As you know I reviewed A Hundred Summers for RT Magazine (below)
How much credence do you put on reviews either editorial or reader?
Reviews are tough for me! I’m a second child and have that pleaser personality, and unfortunately you can’t please everyone in this business: What one person adores is another’s pet peeve. So I tread carefully over at Goodreads and Amazon, although I do try to listen to the thoughtful, constructive reviews, whether good or so-so. And trust me, we writers really do appreciate the good ones! It means so much when a reader or reviewer (like you, Debbie!) really connects with what I’ve written. I have a lot of fan mail I take out and re-read when my writerly mojo needs a boost.
Will you share your road to becoming an author with us. Are you an overnight success or did it take a little longer?
Like most authors, I’ve wanted to write books since the moment I could read them, so to me that road feels very long indeed! But I really didn’t pursue the craft seriously until I was home with my kids and felt my time had come, and I was ready to face all the challenge and rejection and criticism that I knew would come my way. I started off with a few failed efforts, as I learned how to tell a compelling story, but everything clicked with Overseas and things started happening pretty quickly after that. But I’m not sure I’ll ever feel like a success, overnight or otherwise! I’m too much a perfectionist. I can hardly even read my books once they’re out in print and I can’t change anything!
Okay it’s time to get into your “writing cave”. Does anything or anyone suffer while you’re on deadline?
My kids and my house! I’ve come to accept the fact that while I adore my husband and his many sterling qualities, he’s no housekeeper. (Not that I’m Mrs. Beeton myself, mind you!) He’ll pitch in willingly when I ask him to do something, but it just won’t occur to him to do things like pick up the clutter on his way upstairs, or wipe our four-year-old’s sticky hands before her fingers hit the computer keyboard. So when I’m in the homestretch of a book, the kitchen winds up littered with detritus and the kids wander around unwashed. It’s pretty grim, and it’s usually when my in-laws decided to pop in for a spontaneous visit!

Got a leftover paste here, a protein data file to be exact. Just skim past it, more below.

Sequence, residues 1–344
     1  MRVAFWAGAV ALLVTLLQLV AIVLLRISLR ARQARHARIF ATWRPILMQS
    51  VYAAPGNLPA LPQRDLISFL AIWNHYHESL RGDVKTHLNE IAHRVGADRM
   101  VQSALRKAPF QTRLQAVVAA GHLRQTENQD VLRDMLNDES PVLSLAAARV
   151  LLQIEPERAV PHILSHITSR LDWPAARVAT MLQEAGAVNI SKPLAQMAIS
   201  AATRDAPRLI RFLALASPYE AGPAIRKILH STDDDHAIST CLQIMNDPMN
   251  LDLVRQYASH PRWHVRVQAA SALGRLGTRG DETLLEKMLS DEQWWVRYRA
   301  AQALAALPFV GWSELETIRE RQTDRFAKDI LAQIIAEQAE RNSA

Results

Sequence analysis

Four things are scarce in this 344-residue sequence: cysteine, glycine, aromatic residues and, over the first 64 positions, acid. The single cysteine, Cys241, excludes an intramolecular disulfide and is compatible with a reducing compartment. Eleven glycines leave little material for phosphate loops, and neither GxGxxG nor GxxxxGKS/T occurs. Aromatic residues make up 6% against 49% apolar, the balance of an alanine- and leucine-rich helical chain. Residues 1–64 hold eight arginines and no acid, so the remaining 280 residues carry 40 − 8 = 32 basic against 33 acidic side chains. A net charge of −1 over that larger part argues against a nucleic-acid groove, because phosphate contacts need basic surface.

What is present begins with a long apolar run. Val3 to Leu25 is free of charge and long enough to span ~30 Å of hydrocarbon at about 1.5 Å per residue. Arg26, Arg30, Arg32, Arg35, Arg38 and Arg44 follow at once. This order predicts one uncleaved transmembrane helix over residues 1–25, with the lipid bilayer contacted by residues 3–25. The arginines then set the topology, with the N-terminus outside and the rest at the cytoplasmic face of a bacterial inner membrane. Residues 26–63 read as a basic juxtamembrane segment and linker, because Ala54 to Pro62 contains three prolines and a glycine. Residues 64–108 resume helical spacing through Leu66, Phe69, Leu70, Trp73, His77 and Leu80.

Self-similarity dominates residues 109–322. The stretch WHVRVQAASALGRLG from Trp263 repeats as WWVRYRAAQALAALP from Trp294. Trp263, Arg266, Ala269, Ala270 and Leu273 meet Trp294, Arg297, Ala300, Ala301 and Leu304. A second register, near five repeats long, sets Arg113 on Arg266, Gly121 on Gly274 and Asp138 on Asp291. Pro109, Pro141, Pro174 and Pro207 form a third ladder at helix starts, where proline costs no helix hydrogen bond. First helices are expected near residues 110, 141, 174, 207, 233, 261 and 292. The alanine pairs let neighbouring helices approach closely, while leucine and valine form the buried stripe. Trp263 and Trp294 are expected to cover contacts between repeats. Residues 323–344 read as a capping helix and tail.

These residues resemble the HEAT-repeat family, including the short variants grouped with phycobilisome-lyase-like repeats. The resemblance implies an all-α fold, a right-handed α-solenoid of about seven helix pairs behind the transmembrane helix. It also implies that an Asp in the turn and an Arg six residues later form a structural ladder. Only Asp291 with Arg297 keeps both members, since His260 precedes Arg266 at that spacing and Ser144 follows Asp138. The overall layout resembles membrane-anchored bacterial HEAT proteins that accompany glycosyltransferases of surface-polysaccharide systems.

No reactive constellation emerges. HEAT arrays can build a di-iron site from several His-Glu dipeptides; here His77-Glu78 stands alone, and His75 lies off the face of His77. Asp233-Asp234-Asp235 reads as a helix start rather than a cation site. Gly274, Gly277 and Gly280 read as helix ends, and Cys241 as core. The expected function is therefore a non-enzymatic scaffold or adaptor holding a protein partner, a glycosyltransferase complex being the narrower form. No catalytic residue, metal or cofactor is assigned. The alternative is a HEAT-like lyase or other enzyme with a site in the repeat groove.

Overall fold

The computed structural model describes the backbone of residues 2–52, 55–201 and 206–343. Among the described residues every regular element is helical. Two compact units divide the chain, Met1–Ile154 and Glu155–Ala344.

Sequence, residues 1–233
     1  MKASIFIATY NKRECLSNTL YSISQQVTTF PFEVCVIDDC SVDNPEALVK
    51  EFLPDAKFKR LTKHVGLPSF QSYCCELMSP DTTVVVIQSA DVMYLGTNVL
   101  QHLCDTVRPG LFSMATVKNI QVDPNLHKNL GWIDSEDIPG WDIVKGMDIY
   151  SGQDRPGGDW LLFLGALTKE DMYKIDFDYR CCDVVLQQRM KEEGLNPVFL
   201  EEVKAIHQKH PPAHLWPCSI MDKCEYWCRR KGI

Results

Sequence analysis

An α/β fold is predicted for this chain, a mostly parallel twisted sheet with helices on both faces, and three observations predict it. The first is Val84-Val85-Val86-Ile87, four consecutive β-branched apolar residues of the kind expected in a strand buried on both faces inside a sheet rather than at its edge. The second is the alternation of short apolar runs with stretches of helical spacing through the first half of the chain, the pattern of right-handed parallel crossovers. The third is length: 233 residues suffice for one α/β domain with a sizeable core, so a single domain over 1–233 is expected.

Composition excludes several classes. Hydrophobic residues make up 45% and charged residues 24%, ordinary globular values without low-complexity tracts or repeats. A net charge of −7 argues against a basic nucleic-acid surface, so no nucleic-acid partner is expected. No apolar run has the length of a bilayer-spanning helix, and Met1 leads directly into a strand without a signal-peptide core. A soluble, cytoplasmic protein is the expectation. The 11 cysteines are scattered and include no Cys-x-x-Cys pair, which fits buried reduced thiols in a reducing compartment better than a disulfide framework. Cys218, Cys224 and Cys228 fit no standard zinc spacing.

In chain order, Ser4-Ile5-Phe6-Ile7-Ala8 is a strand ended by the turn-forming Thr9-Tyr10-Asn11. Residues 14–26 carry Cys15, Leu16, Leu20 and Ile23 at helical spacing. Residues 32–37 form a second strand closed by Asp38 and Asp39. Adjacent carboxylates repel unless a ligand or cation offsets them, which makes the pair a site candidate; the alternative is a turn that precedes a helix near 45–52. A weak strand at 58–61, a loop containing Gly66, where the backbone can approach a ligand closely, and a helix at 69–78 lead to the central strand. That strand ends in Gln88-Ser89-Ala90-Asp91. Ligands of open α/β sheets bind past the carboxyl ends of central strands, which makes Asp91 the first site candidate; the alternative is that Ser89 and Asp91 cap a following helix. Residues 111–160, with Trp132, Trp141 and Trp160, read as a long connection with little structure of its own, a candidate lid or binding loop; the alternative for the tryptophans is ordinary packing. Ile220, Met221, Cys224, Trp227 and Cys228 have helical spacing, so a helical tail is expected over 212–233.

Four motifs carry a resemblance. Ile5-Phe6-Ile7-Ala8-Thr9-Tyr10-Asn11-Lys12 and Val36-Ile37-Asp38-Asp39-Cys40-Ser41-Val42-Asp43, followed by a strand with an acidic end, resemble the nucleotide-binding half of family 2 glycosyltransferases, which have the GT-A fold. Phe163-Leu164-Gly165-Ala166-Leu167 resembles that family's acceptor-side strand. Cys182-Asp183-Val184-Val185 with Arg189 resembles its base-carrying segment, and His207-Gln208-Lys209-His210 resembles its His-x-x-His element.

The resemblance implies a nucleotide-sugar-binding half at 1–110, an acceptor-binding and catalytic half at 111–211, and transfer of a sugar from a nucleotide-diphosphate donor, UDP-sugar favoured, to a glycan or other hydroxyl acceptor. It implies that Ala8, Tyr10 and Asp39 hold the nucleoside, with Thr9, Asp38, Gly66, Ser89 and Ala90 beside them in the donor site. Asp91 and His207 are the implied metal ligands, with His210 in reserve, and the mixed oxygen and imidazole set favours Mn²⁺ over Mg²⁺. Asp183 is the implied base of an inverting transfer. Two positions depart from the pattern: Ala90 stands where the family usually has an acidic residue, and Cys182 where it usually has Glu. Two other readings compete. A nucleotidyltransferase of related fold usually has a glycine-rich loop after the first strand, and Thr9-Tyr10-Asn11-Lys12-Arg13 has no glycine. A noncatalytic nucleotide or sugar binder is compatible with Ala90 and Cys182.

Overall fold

Beatriz, it’s just us friends, you can trust us.
Tell us a secret.
My hair is seriously growing gray! It’s horrifying. It must be all the kids and writing deadlines. I have to touch up my roots at home, or I’d go broke.
My review is courtesy RT reviews magazine
A HUNDRED SUMMERS
Genre: Historical Romance, Historical Fiction, America
4.5 TOP PICK RT Rating
Williams’ historical masterpiece is an all-encompassing, period-perfect read. Set in a historically accurate Rhode Island summer community, her narrative delivers visions of Gable and Garbo, and her storyline is a medley of political incorrectness, intrigue, debauchery and scandal. Her entire cast shines, but it’s her unsinkable, timeless couple who awes with their tenacity and integrity in the face of every unscrupulous act against them.
In the fall of 1931, the country stews between the ‘29 crash and WWII. Against all odds, Lily Dane and Nick Greenwald meet and fall in love. With much working against them, some obvious factors and some unknown, a personal tragedy proves too much for their fragile love and tears them apart. They reacquaint in 1938, during a perfect social storm, when the secrets and scandals that separated them come to a crashing climax that will seal their fates one way or the other. Will they weather the tempest or become its victims? (PUTNAM, Jun., 368 pp., $26.95)
Reviewed By: Debbie Haupt